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Search tags: Naval-History
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review 2018-07-18 18:44
Good, if somewhat dated, overview of America's war in the Pacific and Asia
Eagle Against The Sun: The American War With Japan - Ronald H. Spector

In the 1960s Macmillan began publishing a series entitled "The Macmillan Wars of the United States." Written by some of the nation's leading military historians, its volumes offered surveys of the various conflicts America had fought over the centuries, the strategies employed, and the services which fought them. Ultimately fourteen volumes were published over two decades, with many of them still serving as excellent accounts of their respective subjects.

 

As the last book published in the series, Ronald Spector's contribution to it serves as a sort of capstone to its incomplete efforts. In it he provides an account of the battles and campaigns waged by the United States against Japan in the Second World War, from the prewar planning and the assumptions held in the approach to war to the deployment of the atomic bombs that ended it. In between the covers all of the major naval battles and island-hopping campaigns in the Pacific, as well as America's military efforts in the China-Burma-India theater. He rounds out his coverage with chapters discussing both the social composition of the forces America deployed and the complex intelligence operations against the Japanese, ones that extended beyond the now-famous codebreaking efforts that proved so valuable.

 

Though dated in a few respects, overall Spector's book serves as a solid single-volume survey of the war waged by the United States against Japan. By covering the efforts against the Japanese in mainland Asia, he incorporates an important aspect of the war too often overlooked or glossed over in histories of America's military effort against the Japanese, one that often influenced developments elsewhere in the theater. Anyone seeking an introduction to America's war with Japan would be hard pressed to find a better book, which stands as a great example of what Macmillan set out to accomplish when they first embarked upon the series.

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url 2018-07-09 16:16
Podcast #110 is up!
Bayly’s War: The Battle for the Western Approaches in the First World War - Steve R. Dunn

My latest podcast is up on the New Books Network website! In it, I interview Steve R. Dunn about his account of the Royal Navy's battle against the U-boats off the coast of Ireland during the First World War (which I reviewed here). Enjoy!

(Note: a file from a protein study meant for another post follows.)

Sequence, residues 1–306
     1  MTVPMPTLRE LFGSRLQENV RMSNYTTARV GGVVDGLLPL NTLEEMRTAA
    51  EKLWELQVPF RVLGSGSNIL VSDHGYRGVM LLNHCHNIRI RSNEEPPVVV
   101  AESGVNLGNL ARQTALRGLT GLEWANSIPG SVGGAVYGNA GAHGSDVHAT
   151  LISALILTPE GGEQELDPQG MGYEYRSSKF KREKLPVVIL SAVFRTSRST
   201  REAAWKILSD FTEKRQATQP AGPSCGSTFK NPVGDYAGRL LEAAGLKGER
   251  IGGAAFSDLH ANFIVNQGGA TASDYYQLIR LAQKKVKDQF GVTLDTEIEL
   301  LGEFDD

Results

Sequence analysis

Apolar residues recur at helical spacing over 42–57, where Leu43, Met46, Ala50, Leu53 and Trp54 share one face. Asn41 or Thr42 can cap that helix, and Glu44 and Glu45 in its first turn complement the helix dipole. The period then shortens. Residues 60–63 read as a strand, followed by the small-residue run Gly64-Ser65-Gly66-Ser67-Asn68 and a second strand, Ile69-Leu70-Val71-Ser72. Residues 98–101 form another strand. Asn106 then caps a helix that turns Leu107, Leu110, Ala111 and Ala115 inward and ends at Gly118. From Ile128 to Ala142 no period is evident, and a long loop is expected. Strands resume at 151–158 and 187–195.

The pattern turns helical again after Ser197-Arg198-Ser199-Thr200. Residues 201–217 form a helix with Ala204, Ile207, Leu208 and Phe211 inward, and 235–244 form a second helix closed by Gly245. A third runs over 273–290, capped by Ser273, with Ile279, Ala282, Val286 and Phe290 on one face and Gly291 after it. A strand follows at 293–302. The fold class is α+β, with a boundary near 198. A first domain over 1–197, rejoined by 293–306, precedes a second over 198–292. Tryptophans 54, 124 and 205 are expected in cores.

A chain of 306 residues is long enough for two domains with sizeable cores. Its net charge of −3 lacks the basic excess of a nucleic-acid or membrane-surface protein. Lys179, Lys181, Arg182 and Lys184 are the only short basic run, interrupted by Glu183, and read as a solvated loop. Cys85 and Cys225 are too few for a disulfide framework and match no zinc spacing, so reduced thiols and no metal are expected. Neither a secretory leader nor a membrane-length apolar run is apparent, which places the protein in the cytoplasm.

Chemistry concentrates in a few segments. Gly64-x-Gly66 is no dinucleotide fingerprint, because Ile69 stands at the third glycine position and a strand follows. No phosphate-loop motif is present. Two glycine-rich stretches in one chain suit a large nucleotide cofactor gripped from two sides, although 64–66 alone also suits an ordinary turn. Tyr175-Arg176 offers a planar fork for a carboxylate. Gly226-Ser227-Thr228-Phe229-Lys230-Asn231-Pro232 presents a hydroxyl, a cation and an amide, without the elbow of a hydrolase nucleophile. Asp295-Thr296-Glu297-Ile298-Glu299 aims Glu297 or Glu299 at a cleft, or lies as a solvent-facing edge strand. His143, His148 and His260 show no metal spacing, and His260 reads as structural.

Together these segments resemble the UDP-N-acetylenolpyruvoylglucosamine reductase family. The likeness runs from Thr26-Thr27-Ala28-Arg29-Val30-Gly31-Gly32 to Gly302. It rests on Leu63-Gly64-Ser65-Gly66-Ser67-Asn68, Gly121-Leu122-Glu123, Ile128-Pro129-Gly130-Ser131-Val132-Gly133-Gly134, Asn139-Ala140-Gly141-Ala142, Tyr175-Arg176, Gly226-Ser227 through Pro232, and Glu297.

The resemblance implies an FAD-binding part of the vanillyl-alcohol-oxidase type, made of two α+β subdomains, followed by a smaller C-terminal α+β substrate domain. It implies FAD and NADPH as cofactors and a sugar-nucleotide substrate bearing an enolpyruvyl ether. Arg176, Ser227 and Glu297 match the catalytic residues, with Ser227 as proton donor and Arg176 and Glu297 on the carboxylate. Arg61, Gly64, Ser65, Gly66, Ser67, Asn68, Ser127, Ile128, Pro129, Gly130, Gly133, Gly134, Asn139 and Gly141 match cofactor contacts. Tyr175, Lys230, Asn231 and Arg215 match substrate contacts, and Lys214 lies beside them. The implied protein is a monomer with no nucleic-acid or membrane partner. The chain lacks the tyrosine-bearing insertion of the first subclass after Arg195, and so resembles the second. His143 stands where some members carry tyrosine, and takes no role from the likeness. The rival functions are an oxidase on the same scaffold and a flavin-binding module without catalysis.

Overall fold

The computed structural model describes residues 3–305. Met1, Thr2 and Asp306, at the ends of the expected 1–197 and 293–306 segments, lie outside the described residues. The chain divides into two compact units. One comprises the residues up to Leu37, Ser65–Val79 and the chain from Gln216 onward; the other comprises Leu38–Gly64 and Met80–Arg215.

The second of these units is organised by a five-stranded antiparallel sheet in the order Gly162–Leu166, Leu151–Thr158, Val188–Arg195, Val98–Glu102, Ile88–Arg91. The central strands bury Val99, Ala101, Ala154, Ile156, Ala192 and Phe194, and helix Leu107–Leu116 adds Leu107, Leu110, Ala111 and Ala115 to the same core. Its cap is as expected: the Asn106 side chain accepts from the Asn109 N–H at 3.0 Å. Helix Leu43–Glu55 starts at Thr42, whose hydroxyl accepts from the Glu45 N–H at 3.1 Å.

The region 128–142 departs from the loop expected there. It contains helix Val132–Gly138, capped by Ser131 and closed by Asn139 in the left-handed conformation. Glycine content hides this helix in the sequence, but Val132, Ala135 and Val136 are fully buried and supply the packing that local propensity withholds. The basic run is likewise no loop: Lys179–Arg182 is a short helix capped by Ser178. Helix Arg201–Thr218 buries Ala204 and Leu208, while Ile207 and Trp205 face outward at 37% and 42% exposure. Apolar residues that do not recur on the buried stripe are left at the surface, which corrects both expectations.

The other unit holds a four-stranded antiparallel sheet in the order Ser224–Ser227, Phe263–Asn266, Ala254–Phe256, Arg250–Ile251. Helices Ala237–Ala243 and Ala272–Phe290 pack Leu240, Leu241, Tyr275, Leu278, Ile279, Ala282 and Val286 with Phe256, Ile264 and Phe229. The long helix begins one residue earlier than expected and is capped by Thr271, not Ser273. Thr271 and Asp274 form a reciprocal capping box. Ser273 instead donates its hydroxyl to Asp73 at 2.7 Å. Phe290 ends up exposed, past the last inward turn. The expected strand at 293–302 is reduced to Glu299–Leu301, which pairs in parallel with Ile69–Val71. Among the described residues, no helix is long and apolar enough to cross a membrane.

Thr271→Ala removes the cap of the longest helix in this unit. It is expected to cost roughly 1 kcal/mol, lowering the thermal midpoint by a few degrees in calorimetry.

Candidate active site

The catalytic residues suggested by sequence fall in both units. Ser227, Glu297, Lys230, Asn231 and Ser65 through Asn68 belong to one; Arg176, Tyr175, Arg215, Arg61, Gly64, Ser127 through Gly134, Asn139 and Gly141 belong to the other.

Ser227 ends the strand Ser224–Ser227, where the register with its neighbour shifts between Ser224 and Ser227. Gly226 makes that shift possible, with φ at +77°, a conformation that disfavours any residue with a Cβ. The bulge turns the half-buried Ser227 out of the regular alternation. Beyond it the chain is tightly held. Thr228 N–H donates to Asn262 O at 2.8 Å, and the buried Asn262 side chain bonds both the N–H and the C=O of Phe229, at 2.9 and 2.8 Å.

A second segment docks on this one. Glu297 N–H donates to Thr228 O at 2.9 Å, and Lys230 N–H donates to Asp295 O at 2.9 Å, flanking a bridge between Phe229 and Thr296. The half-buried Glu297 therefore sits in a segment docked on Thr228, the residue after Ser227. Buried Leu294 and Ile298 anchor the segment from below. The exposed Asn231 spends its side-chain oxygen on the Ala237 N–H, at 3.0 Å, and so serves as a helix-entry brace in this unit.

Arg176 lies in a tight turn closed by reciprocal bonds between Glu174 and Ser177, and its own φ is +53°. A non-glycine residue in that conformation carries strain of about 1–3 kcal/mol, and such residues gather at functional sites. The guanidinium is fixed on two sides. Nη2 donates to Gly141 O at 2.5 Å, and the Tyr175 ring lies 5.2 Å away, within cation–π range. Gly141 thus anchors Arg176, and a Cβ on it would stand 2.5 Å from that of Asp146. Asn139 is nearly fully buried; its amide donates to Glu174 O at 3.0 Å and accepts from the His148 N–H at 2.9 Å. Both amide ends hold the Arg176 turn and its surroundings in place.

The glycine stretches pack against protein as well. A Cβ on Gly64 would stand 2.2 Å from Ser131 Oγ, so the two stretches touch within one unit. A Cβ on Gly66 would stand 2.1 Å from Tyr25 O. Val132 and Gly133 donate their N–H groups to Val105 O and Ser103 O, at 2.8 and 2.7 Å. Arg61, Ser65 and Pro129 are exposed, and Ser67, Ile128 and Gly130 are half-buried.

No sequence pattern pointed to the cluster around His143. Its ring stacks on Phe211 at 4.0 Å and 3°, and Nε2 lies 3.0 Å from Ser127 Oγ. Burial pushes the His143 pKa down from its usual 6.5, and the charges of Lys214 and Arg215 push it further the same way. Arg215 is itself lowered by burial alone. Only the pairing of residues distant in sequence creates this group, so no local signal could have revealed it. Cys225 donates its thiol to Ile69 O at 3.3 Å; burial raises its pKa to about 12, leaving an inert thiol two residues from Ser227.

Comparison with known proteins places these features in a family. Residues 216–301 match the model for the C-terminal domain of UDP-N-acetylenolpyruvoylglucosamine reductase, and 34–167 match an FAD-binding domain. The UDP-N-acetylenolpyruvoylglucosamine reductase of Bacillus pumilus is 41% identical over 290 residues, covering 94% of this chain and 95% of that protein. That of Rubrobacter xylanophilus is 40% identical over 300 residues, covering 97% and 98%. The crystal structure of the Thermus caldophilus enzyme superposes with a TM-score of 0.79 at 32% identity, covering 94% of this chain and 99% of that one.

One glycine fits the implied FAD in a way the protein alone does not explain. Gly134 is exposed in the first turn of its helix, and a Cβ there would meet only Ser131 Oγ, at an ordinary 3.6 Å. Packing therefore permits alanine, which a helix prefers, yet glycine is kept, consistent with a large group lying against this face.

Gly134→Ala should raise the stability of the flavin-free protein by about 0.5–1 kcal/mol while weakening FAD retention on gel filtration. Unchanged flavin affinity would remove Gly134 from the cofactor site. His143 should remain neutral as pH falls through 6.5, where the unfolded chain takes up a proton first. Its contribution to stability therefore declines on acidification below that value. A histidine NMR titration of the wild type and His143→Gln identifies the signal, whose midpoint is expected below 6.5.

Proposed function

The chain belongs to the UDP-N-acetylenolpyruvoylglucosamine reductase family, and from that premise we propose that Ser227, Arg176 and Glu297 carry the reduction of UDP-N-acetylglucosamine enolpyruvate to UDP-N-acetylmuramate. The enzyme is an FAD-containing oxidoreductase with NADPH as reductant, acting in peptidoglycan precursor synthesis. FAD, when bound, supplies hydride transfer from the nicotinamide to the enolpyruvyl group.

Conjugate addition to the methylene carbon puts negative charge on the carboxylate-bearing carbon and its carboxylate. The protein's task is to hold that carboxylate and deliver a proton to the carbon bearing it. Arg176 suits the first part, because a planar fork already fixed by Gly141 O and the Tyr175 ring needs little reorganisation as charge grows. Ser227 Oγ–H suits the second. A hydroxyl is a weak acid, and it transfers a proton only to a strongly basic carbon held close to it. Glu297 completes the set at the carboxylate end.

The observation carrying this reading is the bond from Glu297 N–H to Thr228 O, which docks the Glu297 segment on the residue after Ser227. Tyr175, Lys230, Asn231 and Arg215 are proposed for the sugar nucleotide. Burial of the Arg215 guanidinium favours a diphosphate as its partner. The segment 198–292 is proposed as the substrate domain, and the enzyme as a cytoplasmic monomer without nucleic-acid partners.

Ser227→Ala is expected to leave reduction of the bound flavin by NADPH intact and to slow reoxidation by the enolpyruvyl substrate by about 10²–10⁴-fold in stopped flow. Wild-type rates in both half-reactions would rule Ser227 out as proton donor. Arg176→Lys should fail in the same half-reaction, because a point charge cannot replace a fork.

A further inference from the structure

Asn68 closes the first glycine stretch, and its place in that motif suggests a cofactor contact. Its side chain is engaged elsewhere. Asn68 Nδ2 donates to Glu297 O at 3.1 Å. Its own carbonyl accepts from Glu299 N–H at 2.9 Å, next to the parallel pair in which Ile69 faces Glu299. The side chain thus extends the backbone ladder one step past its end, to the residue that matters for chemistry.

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url 2018-07-06 15:31
Podcast #109 is up!
World War II at Sea: A Global History - Craig L. Symonds

My latest podcast is up on the New Books Network website! In it I interview Craig L. Symonds about his sweeping naval history of the Second World War. Enjoy!

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review 2018-06-17 00:27
One command's struggles against the U-boats
Bayly’s War: The Battle for the Western Approaches in the First World War - Steve R. Dunn

Over the past few years Steve Dunn has carved out a niche for himself writing books about various aspects of the First World War at sea that have often be overshadowed by its more dramatic personage and battles. His latest book is an account of the Western Approaches (the waters off of the south of Ireland) centered around the effective, no-nonsense figure of Admiral Lewis Bayly. When he assumed position of Senior Officer of the Coast of Ireland station in 1915, he took over a command that was struggling in the war against the U-boats. Like the rest of the Royal Navy its officers and men were working out how to respond to the deployment of this new weapon of war, a task made more difficult by the shortage of appropriate ships and the competing demands made on the available resources by the demands of war. As a result, sailors went to sea aboard inadequate vessels and pursued ineffective tactics such as trawling the Irish Sea in the (usually vain) hope that they might entangle German submersibles or force them to exhaust their batteries.